Going to class for the simple reason that it's the only way to find out how relatively important both are. I had one professor that spent his entire lecture basically reciting the notes in the casebook after each case, and I could have never gone to class and outlined from the notes and done fine. I had another teacher that would argue that cases we read were wrongly decided, or have us read the minority rule cases so that he could tear it apart and show us why the majority rule was better and tell us what the majority rule was; in his class, if you just did the readings you would've assumed that that rule was what he wanted you to take away when he wanted you to take away something opposite from the reading.
The best way to get a read on a professor is to listen to what they say in class and look at practice tests/previous top scoring exam answers if they are available. Some teachers want you to cite cases read in class like crazy and compare the facts of cases you read to the facts in the hypo, some think that is stupid and a complete waste of time and just want you to apply the rules they taught you and discussed with you in class. You have to know what your professor wants and react accordingly, be it reading more or paying closer attention during class.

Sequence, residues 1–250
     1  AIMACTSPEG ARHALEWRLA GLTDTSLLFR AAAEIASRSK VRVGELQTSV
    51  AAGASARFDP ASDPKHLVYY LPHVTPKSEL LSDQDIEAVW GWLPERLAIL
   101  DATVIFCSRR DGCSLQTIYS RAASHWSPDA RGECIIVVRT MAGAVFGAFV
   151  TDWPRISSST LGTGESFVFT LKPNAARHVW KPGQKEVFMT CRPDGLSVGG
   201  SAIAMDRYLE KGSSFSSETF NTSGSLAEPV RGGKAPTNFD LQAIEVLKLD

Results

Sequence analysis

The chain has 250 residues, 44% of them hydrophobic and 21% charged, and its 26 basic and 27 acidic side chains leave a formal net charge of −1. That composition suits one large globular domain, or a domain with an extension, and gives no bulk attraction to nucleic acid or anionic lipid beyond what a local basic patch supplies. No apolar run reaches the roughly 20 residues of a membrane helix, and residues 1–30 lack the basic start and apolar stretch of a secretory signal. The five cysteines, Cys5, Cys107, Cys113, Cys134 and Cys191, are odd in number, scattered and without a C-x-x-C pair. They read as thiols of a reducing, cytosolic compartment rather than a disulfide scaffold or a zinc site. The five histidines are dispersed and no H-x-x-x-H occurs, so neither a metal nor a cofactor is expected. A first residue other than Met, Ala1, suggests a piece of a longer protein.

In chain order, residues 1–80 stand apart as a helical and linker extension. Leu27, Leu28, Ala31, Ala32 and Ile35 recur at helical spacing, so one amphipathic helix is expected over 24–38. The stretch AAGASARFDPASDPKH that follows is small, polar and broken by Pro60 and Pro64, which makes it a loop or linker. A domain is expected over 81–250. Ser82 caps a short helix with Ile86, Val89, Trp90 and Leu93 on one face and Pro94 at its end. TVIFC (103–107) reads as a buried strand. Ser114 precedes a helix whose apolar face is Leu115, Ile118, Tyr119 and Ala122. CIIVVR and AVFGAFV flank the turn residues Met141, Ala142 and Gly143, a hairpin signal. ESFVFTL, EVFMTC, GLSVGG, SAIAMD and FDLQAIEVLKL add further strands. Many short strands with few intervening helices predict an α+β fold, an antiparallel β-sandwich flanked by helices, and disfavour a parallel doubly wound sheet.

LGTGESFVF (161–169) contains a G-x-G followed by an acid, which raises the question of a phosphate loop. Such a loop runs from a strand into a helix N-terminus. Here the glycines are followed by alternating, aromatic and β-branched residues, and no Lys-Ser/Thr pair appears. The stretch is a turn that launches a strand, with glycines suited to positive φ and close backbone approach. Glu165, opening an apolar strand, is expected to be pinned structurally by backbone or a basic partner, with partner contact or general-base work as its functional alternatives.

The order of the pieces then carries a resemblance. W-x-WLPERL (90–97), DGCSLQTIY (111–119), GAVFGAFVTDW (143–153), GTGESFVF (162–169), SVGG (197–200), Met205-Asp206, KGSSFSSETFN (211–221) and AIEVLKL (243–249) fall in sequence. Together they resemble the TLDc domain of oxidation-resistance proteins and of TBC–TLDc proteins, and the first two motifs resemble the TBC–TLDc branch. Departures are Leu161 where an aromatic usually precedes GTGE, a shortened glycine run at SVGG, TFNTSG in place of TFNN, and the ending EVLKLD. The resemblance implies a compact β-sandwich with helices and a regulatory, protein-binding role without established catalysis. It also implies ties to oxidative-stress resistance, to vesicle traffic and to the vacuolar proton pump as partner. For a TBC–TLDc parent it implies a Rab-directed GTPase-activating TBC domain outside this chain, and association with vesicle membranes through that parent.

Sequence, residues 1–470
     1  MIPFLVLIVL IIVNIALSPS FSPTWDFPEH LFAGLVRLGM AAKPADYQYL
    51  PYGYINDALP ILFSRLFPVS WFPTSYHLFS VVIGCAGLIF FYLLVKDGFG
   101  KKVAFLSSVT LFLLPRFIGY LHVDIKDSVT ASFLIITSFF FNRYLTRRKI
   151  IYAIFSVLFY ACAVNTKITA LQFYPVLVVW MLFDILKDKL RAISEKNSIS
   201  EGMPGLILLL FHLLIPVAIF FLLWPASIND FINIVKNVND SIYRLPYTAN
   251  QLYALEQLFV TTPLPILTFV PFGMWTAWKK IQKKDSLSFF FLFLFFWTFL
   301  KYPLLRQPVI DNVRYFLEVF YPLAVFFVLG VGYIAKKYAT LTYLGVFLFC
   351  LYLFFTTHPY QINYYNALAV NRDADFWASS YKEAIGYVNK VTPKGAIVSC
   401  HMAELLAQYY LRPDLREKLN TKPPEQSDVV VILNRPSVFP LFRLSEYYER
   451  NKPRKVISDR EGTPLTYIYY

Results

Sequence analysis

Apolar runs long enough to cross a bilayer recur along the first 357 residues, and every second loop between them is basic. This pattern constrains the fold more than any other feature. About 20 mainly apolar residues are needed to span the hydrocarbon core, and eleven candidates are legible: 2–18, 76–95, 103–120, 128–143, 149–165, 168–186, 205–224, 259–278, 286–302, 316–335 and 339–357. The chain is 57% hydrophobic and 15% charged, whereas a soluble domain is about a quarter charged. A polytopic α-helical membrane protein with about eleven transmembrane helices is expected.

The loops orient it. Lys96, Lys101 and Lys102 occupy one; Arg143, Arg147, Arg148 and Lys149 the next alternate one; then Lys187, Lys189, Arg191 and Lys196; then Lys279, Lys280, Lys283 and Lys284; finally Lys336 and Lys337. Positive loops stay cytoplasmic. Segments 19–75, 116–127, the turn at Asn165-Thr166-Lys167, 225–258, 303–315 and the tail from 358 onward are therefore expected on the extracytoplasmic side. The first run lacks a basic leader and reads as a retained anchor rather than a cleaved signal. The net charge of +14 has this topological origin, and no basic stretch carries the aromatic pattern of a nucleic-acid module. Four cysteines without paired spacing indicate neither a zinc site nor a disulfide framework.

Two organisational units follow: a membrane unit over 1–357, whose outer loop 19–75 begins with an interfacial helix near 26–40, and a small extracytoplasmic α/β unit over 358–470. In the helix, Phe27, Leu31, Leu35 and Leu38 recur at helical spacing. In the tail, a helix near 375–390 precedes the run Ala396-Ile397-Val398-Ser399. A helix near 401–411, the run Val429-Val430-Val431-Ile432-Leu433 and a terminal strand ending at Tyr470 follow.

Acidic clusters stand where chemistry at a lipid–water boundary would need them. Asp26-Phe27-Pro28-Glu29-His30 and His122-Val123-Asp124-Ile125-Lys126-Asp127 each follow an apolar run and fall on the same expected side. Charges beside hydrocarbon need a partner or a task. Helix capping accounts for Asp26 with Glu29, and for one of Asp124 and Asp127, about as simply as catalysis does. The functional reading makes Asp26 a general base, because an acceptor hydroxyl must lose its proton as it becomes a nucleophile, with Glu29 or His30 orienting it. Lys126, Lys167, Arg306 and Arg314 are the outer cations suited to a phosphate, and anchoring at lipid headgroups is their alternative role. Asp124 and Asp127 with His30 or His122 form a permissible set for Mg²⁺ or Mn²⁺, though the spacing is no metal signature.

For what it's worth as an anecdote, I spent first semester going to class and doing all of the readings and ended up doing very well. Second semester I didn't read at all except when I was on call (which was in total about five cases) and got crushed on cold calls, but ended up doing even better. One of my professors even said at the last class that "those of you who didn't read the cases are screwed on my final exam." I read case summaries from an old outline and knew the general facts well enough to use the cases in the way he wanted and aced his exam. Personally, I haven't had a class in law school yet that I thought wouldn't be possible to get an A in without the casebook, but it's never worth making that assumption.
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